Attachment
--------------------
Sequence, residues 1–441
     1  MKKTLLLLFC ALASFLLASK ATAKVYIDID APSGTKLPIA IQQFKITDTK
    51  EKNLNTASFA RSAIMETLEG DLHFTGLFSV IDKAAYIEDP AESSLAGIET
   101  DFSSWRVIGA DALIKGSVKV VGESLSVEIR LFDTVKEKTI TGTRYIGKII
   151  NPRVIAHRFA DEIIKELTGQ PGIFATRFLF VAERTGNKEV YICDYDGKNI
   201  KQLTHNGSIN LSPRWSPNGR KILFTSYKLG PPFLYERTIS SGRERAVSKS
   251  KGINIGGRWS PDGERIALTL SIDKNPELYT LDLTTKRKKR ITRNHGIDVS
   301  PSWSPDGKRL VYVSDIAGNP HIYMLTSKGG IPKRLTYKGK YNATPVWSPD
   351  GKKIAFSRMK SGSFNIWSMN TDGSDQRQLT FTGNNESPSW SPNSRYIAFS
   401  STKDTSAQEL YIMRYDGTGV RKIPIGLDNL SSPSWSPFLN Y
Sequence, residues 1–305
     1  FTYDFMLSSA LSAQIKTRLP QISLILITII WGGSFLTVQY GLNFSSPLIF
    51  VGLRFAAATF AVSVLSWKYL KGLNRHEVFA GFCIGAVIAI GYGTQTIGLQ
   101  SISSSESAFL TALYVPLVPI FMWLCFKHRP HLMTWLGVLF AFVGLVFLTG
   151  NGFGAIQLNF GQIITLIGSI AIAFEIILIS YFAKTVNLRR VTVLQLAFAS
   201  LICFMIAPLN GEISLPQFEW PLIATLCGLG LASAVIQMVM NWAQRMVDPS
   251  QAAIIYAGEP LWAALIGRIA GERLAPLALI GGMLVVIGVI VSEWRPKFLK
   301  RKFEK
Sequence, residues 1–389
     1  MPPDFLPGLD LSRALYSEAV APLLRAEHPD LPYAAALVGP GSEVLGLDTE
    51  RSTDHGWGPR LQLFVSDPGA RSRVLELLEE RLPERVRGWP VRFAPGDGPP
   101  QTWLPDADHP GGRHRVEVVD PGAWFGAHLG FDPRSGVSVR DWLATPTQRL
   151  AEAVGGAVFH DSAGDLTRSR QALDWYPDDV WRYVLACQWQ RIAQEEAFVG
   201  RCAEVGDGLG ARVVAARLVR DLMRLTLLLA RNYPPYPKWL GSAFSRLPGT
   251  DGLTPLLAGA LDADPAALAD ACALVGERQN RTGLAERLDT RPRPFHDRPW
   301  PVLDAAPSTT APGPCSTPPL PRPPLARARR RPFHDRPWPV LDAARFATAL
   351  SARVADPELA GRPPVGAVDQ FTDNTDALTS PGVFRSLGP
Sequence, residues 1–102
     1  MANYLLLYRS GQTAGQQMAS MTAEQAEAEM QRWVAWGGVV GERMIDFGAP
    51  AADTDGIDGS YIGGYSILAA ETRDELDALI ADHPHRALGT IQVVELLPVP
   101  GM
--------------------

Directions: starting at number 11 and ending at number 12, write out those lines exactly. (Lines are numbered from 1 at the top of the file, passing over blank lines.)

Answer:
Sequence, residues 1–305
     1  FTYDFMLSSA LSAQIKTRLP QISLILITII WGGSFLTVQY GLNFSSPLIF